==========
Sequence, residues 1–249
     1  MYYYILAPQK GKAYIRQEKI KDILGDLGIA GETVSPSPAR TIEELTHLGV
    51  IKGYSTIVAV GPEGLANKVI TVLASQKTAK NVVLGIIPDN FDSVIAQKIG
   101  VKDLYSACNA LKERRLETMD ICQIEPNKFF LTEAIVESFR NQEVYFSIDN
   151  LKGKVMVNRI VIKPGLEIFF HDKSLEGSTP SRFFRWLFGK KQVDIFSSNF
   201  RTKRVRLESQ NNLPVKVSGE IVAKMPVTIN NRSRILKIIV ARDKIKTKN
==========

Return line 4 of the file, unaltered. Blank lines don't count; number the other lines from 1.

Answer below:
   101  VKDLYSACNA LKERRLETMD ICQIEPNKFF LTEAIVESFR NQEVYFSIDN